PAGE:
[A]nti-proliferationists can only be chilled by the prospect of one of the world’s major producers, Niger, plunging into a constitutional crisis, one that may completely destabilize a government that has already demonstrated an inability to keep the peace in its most strategic uranium districts.
Niger’s president, Mamadou Tandja, has dissolved the country’s parliament rather than face the prospect of relinquishing power after his maximum two five-year terms end this year. The situation is clearly worrisome, as is (still) the country’s long-running, on-and-off conflict with Tuareg rebels in the particularly uranium-rich north of the country. And as the kidnapping of a UN official some months ago under somewhat murky circumstances suggests, the connections between business, politics, insurgency, and government in Niger frequently seem to overlap.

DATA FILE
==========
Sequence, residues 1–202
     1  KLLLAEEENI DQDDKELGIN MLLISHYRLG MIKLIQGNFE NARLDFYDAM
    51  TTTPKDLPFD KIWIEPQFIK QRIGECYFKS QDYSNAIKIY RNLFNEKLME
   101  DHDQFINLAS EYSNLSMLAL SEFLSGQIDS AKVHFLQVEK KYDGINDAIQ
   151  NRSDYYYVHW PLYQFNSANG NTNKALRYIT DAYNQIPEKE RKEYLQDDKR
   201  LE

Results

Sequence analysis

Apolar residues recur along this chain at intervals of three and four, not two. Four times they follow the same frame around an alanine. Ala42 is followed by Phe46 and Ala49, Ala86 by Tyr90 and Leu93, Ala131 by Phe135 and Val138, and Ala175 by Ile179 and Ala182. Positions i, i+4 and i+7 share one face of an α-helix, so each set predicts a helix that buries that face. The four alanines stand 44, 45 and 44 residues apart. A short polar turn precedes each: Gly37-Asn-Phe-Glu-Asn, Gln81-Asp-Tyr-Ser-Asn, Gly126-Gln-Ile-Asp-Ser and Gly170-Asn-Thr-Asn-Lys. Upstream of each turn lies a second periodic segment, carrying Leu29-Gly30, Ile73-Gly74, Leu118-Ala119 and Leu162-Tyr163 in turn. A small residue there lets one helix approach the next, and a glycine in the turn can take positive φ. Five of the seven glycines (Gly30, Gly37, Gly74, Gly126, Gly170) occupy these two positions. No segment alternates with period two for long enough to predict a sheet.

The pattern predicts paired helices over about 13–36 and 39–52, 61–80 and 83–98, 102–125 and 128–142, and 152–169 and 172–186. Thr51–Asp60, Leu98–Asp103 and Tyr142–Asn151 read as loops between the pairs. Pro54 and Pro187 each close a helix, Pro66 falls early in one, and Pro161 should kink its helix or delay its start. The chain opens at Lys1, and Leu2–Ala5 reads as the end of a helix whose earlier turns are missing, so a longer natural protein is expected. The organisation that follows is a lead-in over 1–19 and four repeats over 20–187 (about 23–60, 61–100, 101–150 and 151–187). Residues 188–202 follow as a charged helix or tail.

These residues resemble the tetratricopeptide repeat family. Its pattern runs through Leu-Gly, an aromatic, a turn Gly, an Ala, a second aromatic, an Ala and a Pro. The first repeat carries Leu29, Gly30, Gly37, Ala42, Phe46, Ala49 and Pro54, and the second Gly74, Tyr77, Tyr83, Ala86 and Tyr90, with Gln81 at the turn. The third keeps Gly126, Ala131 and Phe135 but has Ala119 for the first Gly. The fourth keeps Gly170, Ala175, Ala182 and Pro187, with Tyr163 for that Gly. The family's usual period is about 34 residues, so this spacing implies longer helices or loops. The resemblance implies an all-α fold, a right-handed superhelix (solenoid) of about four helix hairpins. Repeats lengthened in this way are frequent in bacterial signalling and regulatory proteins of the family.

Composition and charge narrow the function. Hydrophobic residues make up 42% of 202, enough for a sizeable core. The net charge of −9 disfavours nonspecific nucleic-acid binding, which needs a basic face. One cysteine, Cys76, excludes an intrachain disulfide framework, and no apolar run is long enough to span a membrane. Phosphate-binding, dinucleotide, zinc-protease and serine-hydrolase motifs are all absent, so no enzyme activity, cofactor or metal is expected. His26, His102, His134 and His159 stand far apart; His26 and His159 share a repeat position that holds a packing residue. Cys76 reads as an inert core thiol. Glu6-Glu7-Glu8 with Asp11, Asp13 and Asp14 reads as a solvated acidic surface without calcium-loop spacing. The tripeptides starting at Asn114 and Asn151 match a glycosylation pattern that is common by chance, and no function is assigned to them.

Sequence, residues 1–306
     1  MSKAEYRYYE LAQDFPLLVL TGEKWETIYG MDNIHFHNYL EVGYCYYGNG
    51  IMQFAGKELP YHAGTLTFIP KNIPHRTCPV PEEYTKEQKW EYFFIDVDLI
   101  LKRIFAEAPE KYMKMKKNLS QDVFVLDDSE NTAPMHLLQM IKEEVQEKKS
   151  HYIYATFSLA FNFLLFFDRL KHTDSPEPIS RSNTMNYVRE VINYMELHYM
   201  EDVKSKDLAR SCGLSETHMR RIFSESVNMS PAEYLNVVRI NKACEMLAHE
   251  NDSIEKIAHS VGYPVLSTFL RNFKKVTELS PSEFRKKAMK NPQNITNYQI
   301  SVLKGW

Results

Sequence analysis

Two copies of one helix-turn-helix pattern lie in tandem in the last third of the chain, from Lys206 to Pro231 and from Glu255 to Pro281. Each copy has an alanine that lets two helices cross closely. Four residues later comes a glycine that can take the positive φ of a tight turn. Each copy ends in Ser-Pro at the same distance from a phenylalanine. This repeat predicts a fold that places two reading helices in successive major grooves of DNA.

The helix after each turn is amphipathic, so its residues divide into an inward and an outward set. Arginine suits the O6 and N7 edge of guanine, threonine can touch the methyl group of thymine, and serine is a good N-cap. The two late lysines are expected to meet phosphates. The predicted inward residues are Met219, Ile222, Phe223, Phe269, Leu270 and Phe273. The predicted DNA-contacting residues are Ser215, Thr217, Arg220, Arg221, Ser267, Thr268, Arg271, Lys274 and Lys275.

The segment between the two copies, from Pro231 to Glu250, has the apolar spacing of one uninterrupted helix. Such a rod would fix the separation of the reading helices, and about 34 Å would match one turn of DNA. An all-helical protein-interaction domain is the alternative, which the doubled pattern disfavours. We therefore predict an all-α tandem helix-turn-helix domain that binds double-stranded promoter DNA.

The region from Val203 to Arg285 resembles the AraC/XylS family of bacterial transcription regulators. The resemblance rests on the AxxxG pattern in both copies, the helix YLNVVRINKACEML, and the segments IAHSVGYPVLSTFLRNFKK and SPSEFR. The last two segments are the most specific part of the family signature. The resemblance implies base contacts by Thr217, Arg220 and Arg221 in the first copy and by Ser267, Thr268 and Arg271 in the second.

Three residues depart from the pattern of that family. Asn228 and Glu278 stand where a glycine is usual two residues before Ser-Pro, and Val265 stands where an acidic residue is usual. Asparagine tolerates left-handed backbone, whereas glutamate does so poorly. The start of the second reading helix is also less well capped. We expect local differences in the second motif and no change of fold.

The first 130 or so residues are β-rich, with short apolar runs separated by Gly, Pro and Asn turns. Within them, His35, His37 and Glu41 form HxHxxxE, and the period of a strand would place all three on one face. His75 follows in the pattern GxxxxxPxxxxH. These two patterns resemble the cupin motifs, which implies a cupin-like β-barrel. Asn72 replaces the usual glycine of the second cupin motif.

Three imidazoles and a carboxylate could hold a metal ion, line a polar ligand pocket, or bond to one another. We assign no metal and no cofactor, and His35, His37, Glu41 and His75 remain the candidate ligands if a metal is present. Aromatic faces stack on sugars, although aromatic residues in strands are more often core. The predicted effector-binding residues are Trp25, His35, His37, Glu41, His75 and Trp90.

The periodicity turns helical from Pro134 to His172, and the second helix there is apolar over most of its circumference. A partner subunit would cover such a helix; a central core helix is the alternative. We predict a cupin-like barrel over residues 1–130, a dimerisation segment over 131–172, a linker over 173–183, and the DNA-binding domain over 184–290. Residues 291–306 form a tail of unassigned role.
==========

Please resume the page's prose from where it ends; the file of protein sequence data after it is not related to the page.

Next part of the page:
What is most interesting to me, though, is the persistent notion that a local strongman with nuclear capability (Pakistan), or even the material to produce nuclear capability (Niger), is preferable to — well, the unknown, but, more probably, the military, which plays a strong role in both countries. This is not surprising, or necessarily off the mark, but the fretting can sometimes surpass existing global realities that are already frightening enough to warrant vigorous non-proliferation efforts. The disturbing Iranian and North Korean paths toward nuclear weapons are obvious examples, but, perhaps even more significant is the fact that if either India or Pakistan were, disastrously, to use a nuclear weapon, it would likely be over the often forgotten Kashmir dispute.